Will investing now hurt your chances of retiring on time? | Smart Change: Personal Finances
If you follow the news, it’s pretty hard to ignore all the talk about an impending recession. And even if you managed to ignore that, record inflation and plummeting investment portfolios probably caught your eye. It can be stressful for people of all ages, and many worry about how it will affect their ability to retire when they want to.
Nobody likes to lose money, so it’s a natural instinct to want to take your money out of the market right now. But that could be a huge mistake.
Focus on the big picture
It’s important not to make rash decisions with your retirement savings right now, as they could have significant consequences. Selling investments that have fallen to prevent them from sinking further could turn a temporary loss into a permanent one. Whereas if you had kept your investments, they might have recovered over time.
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If you take the most drastic step of completely withdrawing your money from your retirement account to keep it in cash, you could face costly tax penalties today. You also make it much more difficult to save for retirement in the future.
It is almost impossible for most people to save as much as they need for retirement themselves. They need investment income to support them, and they can only get it by investing. Your past contributions actually matter the most, as they are usually the ones that generate the most income over time. When you start later, you will have to rely more on your personal contributions.
The stock market has its ups and downs, but over the long term, it does pretty well. You might think it’s a bad thing to invest more when stock prices are falling, but it may actually be a smart move. You’ll get more stocks from an equity fund or an index fund than you would when times are good and prices are higher, and when the market rallies, those stocks could earn you a good profit.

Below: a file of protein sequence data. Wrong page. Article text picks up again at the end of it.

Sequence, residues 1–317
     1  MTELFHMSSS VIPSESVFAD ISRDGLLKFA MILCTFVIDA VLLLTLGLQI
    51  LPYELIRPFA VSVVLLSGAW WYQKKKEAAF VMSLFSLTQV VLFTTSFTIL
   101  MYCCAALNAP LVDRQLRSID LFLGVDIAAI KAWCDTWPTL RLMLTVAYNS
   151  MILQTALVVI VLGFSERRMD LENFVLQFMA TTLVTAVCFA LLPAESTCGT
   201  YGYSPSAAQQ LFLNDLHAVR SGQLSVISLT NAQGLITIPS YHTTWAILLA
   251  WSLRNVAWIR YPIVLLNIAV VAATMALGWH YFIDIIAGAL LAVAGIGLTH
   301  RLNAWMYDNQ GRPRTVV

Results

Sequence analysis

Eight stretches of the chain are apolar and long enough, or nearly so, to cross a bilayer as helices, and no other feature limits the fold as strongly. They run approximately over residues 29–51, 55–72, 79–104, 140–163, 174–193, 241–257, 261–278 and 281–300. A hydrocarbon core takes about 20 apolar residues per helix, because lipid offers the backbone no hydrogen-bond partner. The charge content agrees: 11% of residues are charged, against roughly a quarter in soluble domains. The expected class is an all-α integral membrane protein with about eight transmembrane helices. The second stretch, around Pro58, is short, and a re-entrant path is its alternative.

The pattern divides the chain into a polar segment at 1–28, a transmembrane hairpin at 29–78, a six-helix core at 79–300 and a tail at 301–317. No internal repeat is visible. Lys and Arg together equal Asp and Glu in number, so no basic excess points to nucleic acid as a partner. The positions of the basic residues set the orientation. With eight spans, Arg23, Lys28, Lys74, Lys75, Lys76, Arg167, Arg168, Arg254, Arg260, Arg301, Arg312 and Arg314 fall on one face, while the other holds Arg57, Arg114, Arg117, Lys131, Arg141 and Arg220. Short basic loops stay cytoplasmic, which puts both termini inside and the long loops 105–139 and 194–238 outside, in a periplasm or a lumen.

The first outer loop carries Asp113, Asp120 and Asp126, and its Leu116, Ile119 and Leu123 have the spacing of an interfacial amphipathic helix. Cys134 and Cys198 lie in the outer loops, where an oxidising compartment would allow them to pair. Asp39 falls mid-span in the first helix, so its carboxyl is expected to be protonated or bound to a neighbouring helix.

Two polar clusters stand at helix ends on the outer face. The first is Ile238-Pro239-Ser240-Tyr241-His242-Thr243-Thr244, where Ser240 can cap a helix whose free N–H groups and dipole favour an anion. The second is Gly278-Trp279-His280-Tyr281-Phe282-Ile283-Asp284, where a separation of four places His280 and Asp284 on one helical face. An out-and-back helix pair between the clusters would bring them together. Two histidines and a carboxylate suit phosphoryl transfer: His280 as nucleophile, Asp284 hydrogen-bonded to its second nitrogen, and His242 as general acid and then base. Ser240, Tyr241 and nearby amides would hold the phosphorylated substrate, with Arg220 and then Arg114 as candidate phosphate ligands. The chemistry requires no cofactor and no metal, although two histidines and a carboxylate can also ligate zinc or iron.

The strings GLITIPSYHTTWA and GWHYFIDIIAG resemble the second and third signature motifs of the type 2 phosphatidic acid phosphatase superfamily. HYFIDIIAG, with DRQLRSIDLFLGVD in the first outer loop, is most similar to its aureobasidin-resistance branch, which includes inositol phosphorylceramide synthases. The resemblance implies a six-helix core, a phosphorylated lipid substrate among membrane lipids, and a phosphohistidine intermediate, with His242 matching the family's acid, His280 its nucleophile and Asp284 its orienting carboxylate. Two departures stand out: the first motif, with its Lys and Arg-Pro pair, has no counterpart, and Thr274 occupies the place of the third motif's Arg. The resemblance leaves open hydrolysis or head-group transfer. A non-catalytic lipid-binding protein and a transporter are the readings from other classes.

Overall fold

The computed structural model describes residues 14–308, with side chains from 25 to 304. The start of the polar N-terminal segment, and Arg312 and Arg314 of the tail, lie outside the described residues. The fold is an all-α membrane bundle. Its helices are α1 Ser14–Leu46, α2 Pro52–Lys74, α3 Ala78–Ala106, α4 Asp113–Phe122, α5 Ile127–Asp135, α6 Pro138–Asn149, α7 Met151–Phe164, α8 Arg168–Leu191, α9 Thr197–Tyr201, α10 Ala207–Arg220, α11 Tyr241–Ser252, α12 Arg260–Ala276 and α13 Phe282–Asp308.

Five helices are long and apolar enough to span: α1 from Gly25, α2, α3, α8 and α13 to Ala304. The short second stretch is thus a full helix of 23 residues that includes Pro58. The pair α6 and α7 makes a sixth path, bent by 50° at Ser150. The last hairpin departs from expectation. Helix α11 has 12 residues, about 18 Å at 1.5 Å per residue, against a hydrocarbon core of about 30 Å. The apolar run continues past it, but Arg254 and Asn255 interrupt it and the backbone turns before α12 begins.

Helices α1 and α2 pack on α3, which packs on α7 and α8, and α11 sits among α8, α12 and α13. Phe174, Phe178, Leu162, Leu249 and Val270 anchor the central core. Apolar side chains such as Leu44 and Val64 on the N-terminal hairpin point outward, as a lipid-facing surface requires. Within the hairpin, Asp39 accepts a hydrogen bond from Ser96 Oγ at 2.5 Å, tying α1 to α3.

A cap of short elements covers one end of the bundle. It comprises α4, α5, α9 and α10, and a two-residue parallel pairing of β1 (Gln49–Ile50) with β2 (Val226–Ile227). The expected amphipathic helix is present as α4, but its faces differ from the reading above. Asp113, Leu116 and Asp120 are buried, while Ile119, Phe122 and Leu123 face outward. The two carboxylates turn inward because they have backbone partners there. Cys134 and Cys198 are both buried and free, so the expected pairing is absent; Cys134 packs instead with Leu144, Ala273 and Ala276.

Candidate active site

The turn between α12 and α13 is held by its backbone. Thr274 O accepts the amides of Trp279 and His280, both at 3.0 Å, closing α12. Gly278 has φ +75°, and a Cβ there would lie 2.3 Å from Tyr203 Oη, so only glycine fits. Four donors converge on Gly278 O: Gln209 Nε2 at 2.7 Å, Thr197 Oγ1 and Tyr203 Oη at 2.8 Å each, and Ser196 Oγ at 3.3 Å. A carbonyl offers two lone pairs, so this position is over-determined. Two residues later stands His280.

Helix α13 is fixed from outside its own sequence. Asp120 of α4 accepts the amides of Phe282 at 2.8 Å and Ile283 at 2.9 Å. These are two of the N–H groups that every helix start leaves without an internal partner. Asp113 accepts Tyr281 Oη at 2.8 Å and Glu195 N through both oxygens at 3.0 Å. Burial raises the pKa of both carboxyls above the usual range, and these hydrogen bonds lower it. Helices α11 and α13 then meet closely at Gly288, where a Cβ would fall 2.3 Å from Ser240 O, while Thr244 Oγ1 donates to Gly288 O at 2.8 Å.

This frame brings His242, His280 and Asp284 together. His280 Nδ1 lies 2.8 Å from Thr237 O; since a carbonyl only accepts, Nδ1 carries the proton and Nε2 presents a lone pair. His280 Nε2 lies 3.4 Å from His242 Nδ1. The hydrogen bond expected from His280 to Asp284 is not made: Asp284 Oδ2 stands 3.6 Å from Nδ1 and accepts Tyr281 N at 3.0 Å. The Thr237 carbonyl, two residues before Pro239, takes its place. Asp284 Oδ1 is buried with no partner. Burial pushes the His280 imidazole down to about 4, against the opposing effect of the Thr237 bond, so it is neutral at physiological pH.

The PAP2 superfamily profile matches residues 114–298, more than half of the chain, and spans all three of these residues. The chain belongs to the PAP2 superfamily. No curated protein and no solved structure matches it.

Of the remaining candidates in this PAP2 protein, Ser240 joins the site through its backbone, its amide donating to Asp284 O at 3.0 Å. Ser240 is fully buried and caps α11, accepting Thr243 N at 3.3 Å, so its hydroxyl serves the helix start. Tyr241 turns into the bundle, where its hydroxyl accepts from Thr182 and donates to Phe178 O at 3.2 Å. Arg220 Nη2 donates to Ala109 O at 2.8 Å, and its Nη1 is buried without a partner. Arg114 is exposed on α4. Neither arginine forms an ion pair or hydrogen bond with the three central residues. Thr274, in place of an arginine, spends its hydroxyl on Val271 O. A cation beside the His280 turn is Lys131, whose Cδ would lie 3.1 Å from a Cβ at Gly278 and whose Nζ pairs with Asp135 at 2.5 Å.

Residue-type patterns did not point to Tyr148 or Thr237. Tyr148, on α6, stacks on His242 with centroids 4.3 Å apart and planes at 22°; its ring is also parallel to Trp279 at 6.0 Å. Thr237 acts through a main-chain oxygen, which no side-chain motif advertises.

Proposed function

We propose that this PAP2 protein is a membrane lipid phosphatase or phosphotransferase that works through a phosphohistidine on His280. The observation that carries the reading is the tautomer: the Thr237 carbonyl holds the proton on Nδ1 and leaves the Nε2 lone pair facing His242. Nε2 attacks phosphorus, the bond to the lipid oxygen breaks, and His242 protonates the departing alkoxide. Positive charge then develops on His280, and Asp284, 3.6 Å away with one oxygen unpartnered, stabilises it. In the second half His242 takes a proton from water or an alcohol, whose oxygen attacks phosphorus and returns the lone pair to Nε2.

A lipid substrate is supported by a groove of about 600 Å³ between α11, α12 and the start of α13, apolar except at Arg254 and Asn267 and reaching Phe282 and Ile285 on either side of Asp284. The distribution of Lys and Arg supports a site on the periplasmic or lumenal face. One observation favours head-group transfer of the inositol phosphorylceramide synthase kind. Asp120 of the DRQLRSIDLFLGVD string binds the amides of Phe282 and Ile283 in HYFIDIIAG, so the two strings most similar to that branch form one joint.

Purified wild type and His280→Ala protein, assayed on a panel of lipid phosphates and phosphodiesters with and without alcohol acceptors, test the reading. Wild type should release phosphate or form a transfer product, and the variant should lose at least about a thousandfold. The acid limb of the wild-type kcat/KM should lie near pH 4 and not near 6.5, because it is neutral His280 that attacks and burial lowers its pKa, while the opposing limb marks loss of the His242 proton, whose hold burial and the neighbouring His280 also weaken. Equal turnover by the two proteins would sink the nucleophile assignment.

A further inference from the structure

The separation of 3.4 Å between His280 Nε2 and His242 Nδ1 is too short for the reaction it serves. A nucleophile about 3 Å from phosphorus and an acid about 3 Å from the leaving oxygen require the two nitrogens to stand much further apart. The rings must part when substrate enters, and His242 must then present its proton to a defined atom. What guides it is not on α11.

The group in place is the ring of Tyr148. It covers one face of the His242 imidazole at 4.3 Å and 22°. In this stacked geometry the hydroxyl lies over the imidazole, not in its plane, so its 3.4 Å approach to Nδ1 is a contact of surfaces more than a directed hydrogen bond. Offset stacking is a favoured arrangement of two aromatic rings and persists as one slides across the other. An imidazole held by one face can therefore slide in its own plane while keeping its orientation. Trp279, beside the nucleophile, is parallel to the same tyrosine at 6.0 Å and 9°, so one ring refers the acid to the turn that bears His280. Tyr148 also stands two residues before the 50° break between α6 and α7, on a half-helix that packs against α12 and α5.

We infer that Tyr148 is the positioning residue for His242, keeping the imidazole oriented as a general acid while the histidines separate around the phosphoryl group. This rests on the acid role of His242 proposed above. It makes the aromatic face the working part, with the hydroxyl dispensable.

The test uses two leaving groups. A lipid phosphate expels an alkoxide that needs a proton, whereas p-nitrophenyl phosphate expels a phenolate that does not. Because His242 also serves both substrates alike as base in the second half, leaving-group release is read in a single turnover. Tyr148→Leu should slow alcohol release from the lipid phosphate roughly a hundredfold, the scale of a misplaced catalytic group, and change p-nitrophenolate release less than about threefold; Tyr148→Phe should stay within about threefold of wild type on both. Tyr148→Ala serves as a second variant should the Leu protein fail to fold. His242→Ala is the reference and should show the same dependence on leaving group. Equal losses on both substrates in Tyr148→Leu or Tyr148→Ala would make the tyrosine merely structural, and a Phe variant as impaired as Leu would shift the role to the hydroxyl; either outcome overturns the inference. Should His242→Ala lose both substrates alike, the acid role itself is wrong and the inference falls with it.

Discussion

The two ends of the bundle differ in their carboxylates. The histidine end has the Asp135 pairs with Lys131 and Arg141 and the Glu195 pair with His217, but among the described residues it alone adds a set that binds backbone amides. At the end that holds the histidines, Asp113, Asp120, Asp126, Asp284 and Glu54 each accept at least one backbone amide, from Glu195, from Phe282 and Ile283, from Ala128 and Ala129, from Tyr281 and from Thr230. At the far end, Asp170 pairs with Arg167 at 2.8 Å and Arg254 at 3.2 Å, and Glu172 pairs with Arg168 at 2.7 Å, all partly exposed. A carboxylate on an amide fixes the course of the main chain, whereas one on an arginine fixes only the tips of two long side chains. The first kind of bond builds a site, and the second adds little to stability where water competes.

But don’t ignore the obvious problems
For most people, the best thing to do in a recession is to stay the course. Trust that you’ve made smart investments, and don’t check your portfolio too often if you think it will cause you to make emotional decisions. But there are situations when it makes sense to take a hard look at your portfolio.
If all your money is in a handful of stocks, for example, that’s a major red flag. If one of them hurts, it will have a much bigger effect on your portfolio than if you had hundreds of stocks and a few of them fell. At a minimum, split your money equally between 25 different stocks.
You may also want to make changes if all of your investments are in the same industry, such as technology companies. When this industry is down, your portfolio could be hit hard, even if you own dozens of different stocks within the industry.
Also consider your risk tolerance. If you’ve got all your money in stocks and you’re about to retire, you’re right to be concerned. A general rule of thumb for managing your stock exposure is to keep 110% of your money invested minus your age invested in stocks. So if you are 40 years old, you would have invested 70% in stocks and the rest in bonds. If you are 50, you would have 60% equity, and so on.
But once you have a wallet you’re comfortable with, take a step back and don’t worry too much about daily ups and downs. Unless you plan to retire very soon, this shouldn’t affect you in the long run anyway. Recessions and periods of economic uncertainty have happened many times in the past. People have still managed to successfully invest through them and retire comfortably, and you can too.
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